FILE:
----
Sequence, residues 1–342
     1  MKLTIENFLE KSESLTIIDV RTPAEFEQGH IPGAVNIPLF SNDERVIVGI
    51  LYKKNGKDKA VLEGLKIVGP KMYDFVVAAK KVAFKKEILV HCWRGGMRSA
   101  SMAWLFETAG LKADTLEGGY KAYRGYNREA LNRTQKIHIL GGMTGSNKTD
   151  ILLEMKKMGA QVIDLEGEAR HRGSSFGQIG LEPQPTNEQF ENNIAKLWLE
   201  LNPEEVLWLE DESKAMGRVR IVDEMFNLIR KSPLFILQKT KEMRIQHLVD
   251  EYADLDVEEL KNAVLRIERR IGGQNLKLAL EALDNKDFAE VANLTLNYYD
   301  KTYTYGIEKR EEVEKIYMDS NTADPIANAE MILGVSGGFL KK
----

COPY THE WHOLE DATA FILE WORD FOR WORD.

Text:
Sequence, residues 1–342
     1  MKLTIENFLE KSESLTIIDV RTPAEFEQGH IPGAVNIPLF SNDERVIVGI
    51  LYKKNGKDKA VLEGLKIVGP KMYDFVVAAK KVAFKKEILV HCWRGGMRSA
   101  SMAWLFETAG LKADTLEGGY KAYRGYNREA LNRTQKIHIL GGMTGSNKTD
   151  ILLEMKKMGA QVIDLEGEAR HRGSSFGQIG LEPQPTNEQF ENNIAKLWLE
   201  LNPEEVLWLE DESKAMGRVR IVDEMFNLIR KSPLFILQKT KEMRIQHLVD
   251  EYADLDVEEL KNAVLRIERR IGGQNLKLAL EALDNKDFAE VANLTLNYYD
   301  KTYTYGIEKR EEVEKIYMDS NTADPIANAE MILGVSGGFL KK